While we were out shopping, I put a $20 in the Salvation Army kettle in front of the store. I say we can take that as a deduction but my husband says no. Who is right?
P.S. I have a new digital camera riding on your answer.
Gosh. I hope your old digital camera is working just fine… The answer is that your husband is right.
The IRS changed a number of rules effective January 1, 2007, for charitable giving. One of the rules is that all charitable donations of cash (or cash equivalent), no matter what the amount, must be supported by written documentation. This means that checks and credit card sales are generally okay so long as you can clearly identify the donation portion. Cash is okay, too, but only if you can get a receipt.
Handing cash over to an organization without getting a receipt? Not deductible.
This isn’t to say that you shouldn’t do it. I gave my kids a couple of dollars to put in the red kettle the other day (and the bell ringer let them each give the bell a go, which they thought was awesome). If you’re inclined to support charitable causes like the Salvation Army and Alex’ Lemonade Stand that may ask for cash on the street, don’t let the lack of a tax deduction keep you from doing it. You might consider giving a dollar or two on the street and then going home and writing a check or making a donation online – that way, you get the immediate warm fuzzies for making a donation on the street AND you get the benefit of the tax deduction for your larger donation.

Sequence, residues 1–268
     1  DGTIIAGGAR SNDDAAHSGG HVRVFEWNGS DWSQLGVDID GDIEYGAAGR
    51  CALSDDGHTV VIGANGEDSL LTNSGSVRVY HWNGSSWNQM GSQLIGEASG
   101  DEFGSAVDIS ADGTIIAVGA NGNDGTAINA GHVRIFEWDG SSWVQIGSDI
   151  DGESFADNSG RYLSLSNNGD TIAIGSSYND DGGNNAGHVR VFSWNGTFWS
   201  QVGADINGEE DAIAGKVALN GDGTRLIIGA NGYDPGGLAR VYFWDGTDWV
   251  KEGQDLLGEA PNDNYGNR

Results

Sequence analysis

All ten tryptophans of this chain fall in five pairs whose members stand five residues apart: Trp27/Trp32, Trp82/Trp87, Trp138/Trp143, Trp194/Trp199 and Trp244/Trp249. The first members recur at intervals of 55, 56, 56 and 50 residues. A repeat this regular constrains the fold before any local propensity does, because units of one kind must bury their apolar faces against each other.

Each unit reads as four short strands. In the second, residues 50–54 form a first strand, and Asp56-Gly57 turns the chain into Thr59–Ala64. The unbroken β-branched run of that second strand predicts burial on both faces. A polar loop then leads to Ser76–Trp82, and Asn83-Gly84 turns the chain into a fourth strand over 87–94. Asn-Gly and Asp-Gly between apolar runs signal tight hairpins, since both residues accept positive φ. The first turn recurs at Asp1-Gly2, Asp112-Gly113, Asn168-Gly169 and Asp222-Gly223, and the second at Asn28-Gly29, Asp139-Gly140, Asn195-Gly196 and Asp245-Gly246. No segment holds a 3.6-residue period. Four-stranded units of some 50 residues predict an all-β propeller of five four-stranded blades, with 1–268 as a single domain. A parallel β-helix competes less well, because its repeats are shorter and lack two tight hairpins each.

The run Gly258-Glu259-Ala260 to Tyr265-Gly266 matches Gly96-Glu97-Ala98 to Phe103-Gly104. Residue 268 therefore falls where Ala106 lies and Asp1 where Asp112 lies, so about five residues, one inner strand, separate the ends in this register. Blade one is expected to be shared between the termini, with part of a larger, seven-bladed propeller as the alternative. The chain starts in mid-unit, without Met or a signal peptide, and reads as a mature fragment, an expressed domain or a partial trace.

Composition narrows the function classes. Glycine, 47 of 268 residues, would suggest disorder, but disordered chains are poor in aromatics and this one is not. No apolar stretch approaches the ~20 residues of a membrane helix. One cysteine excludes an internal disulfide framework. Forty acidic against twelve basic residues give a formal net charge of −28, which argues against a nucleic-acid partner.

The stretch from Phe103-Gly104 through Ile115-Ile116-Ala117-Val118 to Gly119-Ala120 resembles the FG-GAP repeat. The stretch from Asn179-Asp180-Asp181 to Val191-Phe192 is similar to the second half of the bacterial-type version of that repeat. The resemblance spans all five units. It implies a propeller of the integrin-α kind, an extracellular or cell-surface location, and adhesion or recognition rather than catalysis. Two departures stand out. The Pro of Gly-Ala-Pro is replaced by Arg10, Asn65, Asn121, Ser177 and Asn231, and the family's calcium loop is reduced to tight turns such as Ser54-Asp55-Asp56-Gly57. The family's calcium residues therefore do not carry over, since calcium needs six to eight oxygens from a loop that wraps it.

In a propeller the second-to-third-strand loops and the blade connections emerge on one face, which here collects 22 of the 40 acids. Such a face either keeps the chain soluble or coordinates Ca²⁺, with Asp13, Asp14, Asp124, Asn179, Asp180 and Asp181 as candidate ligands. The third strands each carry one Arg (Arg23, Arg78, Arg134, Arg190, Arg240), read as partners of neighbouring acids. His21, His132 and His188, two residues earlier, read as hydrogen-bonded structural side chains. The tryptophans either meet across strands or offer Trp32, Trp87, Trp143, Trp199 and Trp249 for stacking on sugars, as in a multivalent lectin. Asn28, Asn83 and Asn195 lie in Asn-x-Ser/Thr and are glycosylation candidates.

I had a similar question last year about making donations to churches for needy families – make sure you check it out.
Speaking of, the end of the tax year is rapidly approaching. You only have a few more weeks to make a donation to a qualified charitable organization in order to claim your federal tax deduction. Why not double your impact by telling us about your favorite charity? Leave a note in the comments at this prior post (click here) and the charity that you name may get an additional contribution.
Like any good lawyer, I need to add a disclaimer: Unfortunately, it is impossible to give comprehensive tax advice over the internet, no matter how well researched or written. Before relying on any information given on this site, contact a tax professional to discuss your particular situation.
Have a question? Ask the taxgirl!